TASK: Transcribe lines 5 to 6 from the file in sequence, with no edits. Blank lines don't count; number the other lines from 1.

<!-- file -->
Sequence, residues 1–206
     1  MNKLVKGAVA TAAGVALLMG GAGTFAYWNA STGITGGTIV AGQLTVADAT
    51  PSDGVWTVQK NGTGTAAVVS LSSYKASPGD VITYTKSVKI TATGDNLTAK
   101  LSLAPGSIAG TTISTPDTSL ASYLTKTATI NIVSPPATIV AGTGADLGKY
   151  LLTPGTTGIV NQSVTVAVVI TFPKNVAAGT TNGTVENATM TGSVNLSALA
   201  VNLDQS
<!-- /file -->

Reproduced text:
   151  LLTPGTTGIV NQSVTVAVVI TFPKNVAAGT TNGTVENATM TGSVNLSALA
   201  VNLDQS